Free glasses for eye protection or assistance with computer viewing are available to all Lab employees through a Health Services optometrist, who is on site every Thursday. Eyestrain and related headaches are more common among computer users than more widely known problems such as carpal tunnel syndrome. Eyeglasses tuned for monitor use are an effective way to address these issues.

Eye exams are performed Thursdays by Dr. Bernard Hale, by appointment only. Bring in your eyeglass prescription. If an eye exam is needed, the cost is $40, a portion of which may be reimbursable under the Vision Service Plan (VSP). Call Health Services at x6266.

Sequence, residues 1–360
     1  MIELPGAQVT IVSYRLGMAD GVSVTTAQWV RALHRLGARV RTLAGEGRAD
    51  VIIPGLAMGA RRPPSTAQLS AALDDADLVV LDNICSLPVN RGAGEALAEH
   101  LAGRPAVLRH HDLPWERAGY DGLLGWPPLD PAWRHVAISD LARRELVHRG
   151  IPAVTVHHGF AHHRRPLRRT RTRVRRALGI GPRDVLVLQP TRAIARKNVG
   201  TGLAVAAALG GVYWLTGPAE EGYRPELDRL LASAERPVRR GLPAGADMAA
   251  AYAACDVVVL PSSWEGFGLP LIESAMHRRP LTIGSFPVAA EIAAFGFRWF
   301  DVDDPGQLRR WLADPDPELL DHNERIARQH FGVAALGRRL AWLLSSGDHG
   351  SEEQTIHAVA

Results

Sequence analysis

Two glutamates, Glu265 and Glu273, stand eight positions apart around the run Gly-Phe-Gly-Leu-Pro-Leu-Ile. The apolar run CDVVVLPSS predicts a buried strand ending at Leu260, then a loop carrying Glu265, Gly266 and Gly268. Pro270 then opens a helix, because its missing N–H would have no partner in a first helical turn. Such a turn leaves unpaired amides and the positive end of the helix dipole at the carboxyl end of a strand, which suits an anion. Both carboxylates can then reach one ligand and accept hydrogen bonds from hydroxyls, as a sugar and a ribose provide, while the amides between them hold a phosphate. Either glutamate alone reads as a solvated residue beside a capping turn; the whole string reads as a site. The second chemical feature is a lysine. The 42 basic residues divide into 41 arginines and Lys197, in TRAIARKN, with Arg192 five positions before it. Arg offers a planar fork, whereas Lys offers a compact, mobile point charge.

This Week’s Computing Sciences Seminars

Active Measurement of Application Resource Utilization

Thursday, March 28, 12:00–1:00 pm, OSF CR 238
Webinar/telecon info: go here
Marc Casas, LLNL

The high performance and efficiency demands of HPC applications make it critical to develop proactive mechanisms to assign computing work to different hardware components in a way that maximizes performance and efficiency. However, this is extremely difficult in practice because the performance properties of software components cannot be measured accurately, making it hard to predict how long a given task will run on a given piece of hardware or how two different tasks that share resources (e.g. cache, network or file system) may interfere with each other. We present a new approach to measure the performance properties of software components based on their observable behavior.